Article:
I’m going to tell you a story. It’s not an argument, it’s certainly not a statistic, it’s just a thing that happened.
About two and a half years ago, right before Christmas, my father fell out of a tree, into a river, and broke his spine.
My father is fine now. Were it not for a few visible pieces of metal in his back (which he’ll happily show off to you) and the fact that he went from being an inch taller than me to an inch shorter than me (which he’ll vehemently contest every time you mention) you’d never be able to tell it happened. But were it not for every single thing going right from that point and the incredible care he received over the subsequent weeks, he would be dead or paralysed.
I could tell you that the NHS saved my father’s life. It would be true, and I owe them a tremendous debt of gratitude for it, but it would also be somewhat missing the point.
I got back from a family reunion in the states about a week and a half ago. One of the themes of this reunion could be quite legitimately summed as “Hurray! None of us are dead yet!”. We’ve had more than our fair share of near fatal medical experiences on both sides of the pond, and everyone has come through ok. America and Britain both have amazing doctors.
This is probably the point at which you expect me to give a sob story about bankruptcy resulting from one of these medical conditions in the states. Fortunately not. As far as I know (certainly I’ve not heard anything to the contrary), everyone over there was suitably covered.
Perhaps then I should tell you that if my father were over there he would be bankrupted?
Actually, again, no. My father has private health insurance.
Yes, really. His employer provides it. It’s a very American setup.
You see, we may have this big scary seeming socialist monster of the NHS, but it’s not like we don’t have private healthcare too. It’s not even very expensive – I think I could probably get private care for about £100/month, without any employer subsidy, if I wanted it. I used to be covered by my father’s insurance when I was younger. It was very convenient for fast tracking things that would have had a longer wait on the NHS, and I generally received good care on it (I’d describe it as about as good as the NHS care I received but slightly more personalised), but I don’t think I needed to use it more than a handful of times.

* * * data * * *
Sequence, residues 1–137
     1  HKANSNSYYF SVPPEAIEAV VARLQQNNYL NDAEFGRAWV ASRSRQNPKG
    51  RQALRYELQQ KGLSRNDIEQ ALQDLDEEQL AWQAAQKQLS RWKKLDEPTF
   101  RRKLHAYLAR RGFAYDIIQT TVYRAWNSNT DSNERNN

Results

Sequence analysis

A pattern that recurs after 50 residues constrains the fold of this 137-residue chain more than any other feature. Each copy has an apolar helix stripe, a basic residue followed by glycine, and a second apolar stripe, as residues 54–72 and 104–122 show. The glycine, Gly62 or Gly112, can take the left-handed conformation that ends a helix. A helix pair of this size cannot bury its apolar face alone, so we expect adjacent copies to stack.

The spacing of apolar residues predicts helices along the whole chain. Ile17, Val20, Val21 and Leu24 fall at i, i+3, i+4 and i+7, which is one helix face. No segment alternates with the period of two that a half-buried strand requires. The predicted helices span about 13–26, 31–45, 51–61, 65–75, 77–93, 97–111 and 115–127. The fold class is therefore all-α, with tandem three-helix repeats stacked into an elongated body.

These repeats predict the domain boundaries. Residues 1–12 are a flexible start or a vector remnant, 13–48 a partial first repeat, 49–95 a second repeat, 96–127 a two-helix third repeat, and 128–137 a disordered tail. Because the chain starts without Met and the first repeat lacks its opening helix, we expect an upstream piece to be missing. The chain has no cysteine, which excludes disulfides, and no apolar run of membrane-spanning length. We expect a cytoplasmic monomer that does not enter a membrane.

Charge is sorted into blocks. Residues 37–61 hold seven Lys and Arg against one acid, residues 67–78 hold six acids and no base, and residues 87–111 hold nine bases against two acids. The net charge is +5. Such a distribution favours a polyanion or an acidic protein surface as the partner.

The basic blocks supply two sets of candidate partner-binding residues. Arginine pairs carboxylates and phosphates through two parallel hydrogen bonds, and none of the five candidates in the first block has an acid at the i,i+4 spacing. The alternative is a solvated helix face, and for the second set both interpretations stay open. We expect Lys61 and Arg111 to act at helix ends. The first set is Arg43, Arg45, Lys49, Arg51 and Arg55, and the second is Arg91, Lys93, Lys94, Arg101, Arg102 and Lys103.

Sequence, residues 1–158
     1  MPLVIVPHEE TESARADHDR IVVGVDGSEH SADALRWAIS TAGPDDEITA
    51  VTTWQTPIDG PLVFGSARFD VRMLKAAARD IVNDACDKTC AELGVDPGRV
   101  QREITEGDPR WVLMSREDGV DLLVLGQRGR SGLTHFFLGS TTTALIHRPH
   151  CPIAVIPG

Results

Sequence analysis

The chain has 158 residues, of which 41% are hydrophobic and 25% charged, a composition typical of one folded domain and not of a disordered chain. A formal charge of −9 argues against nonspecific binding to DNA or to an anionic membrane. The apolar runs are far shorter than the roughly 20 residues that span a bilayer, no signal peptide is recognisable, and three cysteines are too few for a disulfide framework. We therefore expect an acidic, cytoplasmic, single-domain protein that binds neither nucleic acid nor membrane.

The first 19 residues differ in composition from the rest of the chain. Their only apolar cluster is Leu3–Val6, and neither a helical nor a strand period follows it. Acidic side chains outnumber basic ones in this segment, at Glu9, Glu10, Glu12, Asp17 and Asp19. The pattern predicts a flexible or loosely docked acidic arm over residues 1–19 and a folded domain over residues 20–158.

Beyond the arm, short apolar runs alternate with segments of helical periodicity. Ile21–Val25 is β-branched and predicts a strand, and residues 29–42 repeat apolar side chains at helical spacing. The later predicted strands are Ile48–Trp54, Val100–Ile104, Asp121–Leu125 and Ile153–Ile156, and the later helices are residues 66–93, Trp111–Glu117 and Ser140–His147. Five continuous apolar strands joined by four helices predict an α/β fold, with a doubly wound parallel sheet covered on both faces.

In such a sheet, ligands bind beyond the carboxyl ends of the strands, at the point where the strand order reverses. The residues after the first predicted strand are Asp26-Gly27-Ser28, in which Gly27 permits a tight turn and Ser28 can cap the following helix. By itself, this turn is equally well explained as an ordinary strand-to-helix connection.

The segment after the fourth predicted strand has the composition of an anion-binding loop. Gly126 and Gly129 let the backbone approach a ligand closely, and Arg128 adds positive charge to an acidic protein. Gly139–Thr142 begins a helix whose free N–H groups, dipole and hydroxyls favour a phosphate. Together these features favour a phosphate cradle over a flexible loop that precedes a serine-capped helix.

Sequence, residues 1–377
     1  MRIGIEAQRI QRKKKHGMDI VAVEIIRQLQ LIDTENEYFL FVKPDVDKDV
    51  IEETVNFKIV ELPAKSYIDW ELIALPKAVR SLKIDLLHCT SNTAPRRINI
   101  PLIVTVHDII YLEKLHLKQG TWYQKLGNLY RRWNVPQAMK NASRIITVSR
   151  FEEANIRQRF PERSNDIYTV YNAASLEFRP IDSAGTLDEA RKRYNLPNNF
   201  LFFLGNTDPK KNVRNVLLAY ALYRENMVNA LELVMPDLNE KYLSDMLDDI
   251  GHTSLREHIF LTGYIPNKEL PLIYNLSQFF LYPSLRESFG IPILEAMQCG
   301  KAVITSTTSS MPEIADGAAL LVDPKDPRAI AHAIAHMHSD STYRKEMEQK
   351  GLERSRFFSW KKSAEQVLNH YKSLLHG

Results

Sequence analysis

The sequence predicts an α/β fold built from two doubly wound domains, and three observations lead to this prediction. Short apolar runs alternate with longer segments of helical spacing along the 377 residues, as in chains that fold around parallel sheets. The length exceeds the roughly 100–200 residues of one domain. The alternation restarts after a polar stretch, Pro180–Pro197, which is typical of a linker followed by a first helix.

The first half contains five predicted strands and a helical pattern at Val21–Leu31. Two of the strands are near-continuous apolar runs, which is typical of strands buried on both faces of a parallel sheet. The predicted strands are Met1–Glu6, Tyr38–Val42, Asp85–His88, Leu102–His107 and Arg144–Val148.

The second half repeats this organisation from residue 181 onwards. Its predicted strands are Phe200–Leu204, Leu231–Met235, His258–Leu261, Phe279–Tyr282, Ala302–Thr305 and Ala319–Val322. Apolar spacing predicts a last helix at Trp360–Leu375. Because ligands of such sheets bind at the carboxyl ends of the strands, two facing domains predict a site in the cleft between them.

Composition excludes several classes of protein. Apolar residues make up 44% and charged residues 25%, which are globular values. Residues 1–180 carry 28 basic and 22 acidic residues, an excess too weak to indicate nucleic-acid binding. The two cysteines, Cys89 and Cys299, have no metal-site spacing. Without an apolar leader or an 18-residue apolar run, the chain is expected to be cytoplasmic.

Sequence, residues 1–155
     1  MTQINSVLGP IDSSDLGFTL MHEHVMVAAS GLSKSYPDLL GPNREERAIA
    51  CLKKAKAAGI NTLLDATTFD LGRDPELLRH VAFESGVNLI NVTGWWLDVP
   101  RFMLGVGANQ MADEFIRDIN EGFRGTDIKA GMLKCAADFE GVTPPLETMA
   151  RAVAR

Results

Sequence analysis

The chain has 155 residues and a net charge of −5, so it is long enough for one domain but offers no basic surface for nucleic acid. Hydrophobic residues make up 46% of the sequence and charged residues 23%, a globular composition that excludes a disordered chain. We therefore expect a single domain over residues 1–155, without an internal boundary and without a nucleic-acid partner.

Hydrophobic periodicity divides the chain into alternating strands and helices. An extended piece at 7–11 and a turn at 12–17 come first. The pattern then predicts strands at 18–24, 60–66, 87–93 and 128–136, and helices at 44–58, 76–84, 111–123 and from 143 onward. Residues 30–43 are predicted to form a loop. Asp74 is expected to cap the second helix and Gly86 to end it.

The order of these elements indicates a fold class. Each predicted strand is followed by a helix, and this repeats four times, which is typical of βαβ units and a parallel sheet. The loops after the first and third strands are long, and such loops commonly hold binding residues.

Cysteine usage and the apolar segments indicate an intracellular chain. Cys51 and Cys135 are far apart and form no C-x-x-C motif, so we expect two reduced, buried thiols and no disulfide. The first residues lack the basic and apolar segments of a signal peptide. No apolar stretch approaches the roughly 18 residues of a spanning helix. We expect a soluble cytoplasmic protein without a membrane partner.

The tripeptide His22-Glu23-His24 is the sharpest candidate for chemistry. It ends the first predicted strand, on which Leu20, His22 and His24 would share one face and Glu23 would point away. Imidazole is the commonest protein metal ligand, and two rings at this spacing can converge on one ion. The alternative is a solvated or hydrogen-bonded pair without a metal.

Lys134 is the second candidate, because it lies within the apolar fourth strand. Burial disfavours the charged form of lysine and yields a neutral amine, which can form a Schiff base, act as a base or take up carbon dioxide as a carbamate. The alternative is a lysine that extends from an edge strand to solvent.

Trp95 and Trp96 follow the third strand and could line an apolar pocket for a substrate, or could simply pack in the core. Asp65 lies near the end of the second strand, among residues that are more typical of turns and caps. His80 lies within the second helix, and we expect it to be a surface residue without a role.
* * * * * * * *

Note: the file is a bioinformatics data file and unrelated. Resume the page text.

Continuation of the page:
So, why isn’t this a story about the great private healthcare my dad got in the UK? Simple: When my mother told the hospital that they had private health insurance, they shut the idea down flat. If he’d gone to a private hospital here, they wouldn’t have known what to do with him. For top end critical care in the UK, you use the NHS. It has the best emergency services, it has the best facilities, it has the best doctors. If you need medical care and you need it right now, you go to the NHS.
Good to hear your clan is in good health. I’m also covered by private insurance here in Israel, but the main point for me is that not everyone can get insured. Private insurance companies are very picky as to who they’re willing to cover, so I believe any responsible government has to step in and provide for its citizens’ health. Just as I expect my government to provide for my security whether I can afford a small army for myself or not.
I agree. Speaking purely for myself, I love the NHS and wouldn’t ever want to see it go away. Health care for everyone means a lot to me.
My point was more that I think a lot of people who are against nationalized healthcare don’t realise that it doesn’t prevent private healthcare – and indeed in many ways helps private healthcare out by taking the burden of the really serious treatments off it, thus lowering the premiums. I think this often gets overlooked.